There was something in the paper for Halloween about scary books and this was mentioned. It emphasized the difference from the movie, the family aspect of the story, so I got it and read it.
I haven’t read a lot of stuff by Stephen King- “Christine” and “It” are the only other full-length books of his I have read, along with some stories, and I have seen some of the adaptations on TV- I take that back, I read “‘Salem’s Lot” at some point- but you know that in Stephen King’s world, real life is plenty horrifying enough- the supernatural horror just pushes people over the edge, although they hardly need it.
“The Shining” is largely a slow build-up, laying out the relationships of a young, small, dysfunctional family. Far more than the telepathically gifted son, Danny, the driving force is the father, Jack, who seems plagued by bad luck and can never quite get a grip on things. He is able to quit drinking, but he is plagued by an anger he doesn’t seem to know the origin of and seems to come out of nowhere to ruin things for him.
King admitted the story came from his own frustration as a parent and later to having a heavy addiction himself. I’m guessing though that the character of Jack Torrance came from a variety of people he knew, men who on the surface seemed normal at least, or often charming and high-functioning, but still had a dark side.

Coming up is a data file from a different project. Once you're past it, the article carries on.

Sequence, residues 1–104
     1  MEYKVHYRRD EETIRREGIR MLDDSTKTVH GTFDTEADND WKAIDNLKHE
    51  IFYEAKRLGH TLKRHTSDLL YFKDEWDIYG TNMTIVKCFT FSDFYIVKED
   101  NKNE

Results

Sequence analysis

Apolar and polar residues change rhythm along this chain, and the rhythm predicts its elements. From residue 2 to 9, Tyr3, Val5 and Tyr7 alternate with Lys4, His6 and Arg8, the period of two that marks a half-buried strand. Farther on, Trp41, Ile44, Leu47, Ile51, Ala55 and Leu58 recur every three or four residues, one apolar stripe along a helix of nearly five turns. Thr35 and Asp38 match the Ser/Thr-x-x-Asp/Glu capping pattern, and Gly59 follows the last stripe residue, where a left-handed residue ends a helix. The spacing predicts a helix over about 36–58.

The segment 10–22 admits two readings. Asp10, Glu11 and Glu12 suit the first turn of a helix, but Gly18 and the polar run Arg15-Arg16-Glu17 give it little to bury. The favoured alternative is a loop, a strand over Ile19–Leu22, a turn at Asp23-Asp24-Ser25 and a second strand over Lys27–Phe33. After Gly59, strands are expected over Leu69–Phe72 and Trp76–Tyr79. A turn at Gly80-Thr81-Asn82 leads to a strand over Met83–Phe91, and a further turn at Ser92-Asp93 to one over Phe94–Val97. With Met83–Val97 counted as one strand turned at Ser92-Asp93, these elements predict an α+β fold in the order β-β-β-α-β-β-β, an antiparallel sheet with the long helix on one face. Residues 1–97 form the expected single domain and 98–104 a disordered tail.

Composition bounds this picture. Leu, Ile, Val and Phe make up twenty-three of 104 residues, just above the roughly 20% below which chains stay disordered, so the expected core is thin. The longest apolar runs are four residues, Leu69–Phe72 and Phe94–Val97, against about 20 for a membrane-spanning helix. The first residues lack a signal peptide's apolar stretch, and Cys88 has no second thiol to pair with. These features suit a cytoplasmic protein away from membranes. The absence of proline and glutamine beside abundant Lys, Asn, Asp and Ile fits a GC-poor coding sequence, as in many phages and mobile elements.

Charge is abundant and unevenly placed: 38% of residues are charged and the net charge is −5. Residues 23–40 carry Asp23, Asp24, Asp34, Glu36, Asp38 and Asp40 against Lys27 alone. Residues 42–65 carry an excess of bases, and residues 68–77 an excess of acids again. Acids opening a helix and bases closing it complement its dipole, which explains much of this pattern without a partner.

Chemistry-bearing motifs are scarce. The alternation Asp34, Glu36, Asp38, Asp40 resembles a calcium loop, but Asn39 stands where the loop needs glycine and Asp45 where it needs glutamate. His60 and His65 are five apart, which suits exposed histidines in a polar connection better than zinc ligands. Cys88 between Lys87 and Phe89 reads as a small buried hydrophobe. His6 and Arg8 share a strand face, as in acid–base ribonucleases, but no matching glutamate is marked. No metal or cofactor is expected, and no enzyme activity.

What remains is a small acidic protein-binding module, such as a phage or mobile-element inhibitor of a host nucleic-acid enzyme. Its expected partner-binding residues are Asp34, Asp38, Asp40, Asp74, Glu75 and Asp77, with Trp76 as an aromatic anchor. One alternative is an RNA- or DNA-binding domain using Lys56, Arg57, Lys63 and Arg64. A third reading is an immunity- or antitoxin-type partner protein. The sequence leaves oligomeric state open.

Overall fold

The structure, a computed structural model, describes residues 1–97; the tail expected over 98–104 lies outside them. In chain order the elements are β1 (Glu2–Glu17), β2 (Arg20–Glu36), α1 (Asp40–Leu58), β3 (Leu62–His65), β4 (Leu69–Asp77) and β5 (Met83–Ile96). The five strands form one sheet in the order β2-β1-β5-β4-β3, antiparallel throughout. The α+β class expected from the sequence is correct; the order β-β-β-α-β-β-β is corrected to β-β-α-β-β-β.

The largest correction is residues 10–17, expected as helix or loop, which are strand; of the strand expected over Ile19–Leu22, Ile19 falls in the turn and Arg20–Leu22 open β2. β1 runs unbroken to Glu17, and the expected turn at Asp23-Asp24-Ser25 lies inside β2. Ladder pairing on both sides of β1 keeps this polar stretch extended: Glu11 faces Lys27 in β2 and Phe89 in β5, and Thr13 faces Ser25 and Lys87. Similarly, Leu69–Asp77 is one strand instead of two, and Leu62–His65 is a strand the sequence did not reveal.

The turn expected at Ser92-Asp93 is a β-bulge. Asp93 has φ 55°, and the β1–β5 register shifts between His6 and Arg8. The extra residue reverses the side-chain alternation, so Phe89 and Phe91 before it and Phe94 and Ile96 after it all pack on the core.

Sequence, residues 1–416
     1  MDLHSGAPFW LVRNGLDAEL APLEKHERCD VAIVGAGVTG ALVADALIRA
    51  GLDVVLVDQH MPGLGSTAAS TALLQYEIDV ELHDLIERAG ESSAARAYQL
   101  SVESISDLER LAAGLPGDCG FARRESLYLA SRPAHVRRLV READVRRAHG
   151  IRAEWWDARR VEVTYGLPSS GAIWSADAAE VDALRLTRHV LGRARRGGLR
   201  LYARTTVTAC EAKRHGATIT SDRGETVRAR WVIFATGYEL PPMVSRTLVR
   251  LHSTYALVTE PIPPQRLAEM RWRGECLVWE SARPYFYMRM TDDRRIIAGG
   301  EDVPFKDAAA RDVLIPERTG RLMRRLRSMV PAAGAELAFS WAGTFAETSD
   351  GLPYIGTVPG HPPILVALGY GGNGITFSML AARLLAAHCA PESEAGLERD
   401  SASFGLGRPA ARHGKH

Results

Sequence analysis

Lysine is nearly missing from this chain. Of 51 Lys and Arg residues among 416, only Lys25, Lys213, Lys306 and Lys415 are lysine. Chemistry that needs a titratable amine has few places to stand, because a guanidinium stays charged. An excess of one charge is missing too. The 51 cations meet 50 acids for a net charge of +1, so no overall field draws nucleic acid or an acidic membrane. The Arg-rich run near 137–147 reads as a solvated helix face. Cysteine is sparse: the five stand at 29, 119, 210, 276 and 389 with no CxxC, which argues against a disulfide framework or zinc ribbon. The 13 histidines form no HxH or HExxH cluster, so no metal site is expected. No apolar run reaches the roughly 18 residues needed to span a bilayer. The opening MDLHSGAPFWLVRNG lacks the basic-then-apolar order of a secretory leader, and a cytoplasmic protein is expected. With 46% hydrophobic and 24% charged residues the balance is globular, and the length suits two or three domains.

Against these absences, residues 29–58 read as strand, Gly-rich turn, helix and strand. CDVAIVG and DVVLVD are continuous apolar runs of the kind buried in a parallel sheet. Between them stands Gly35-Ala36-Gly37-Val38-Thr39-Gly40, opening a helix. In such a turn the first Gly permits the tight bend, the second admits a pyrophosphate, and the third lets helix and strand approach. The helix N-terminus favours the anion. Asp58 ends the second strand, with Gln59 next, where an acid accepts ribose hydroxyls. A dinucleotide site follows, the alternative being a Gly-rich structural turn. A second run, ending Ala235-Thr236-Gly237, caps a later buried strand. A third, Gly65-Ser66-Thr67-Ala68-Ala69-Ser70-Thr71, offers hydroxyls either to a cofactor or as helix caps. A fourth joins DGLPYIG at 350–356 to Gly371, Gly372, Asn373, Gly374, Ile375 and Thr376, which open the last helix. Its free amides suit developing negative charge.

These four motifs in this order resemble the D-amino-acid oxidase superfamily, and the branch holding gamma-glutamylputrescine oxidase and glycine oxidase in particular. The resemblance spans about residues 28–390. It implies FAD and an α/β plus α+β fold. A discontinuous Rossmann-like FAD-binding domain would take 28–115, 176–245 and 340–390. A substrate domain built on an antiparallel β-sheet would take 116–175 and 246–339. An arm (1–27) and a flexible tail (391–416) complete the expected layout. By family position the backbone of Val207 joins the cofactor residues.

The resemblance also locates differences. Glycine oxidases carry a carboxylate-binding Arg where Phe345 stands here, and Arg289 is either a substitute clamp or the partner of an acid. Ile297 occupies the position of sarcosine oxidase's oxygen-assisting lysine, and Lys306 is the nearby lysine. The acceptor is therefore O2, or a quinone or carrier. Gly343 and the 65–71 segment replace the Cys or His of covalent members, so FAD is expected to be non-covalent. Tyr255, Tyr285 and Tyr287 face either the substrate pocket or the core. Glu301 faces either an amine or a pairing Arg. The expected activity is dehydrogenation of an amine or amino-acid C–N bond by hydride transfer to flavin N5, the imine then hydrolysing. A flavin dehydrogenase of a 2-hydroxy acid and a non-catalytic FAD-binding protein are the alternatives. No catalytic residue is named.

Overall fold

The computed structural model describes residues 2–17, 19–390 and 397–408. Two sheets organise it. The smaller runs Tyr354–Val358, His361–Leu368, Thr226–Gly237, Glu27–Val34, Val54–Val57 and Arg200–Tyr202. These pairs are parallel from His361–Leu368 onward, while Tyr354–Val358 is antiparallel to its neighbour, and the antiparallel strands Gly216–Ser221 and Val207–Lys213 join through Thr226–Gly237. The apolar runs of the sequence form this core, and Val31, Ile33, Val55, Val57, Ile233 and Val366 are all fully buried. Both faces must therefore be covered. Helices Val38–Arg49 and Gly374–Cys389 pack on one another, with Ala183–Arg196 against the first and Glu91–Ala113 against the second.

The logical explanation for Jack’s anger is his own abusive childhood, and yet there has to be a little more to it than that. Jack’s father is also good to him much of the time, and the combination of loving and admiring someone who harms others may make him want to engage in the same behavior. Abusers are by definition powerful; and we want to model ourselves on the powerful. Even if we are weak and can only let loose our anger in private, we see expressing these emotions as good and positive.
But I think the real secret to Jack is his fascination with the past. He doesn’t really start to go crazy until he starts going through the papers of the hotel, in particular the scrapbook. He becomes obsessed with knowing and understanding it all, and he can’t let go. And in truth his memories of his father are probably skewed towards the good times, without a realistic and mature view of the damage his father did to his family.
We don’t carry the past with us, only certain specific memories and emotional reactions to them. Making sense out of the past is probably futile. We can only judge and conduct ourselves by what is happening now, not by what happened before. We are often told to “let go” of the past, but that is also probably futile. I think the best thing to try to achieve is a realistic view of it, and to understand that the most important thing about the past is that it’s over.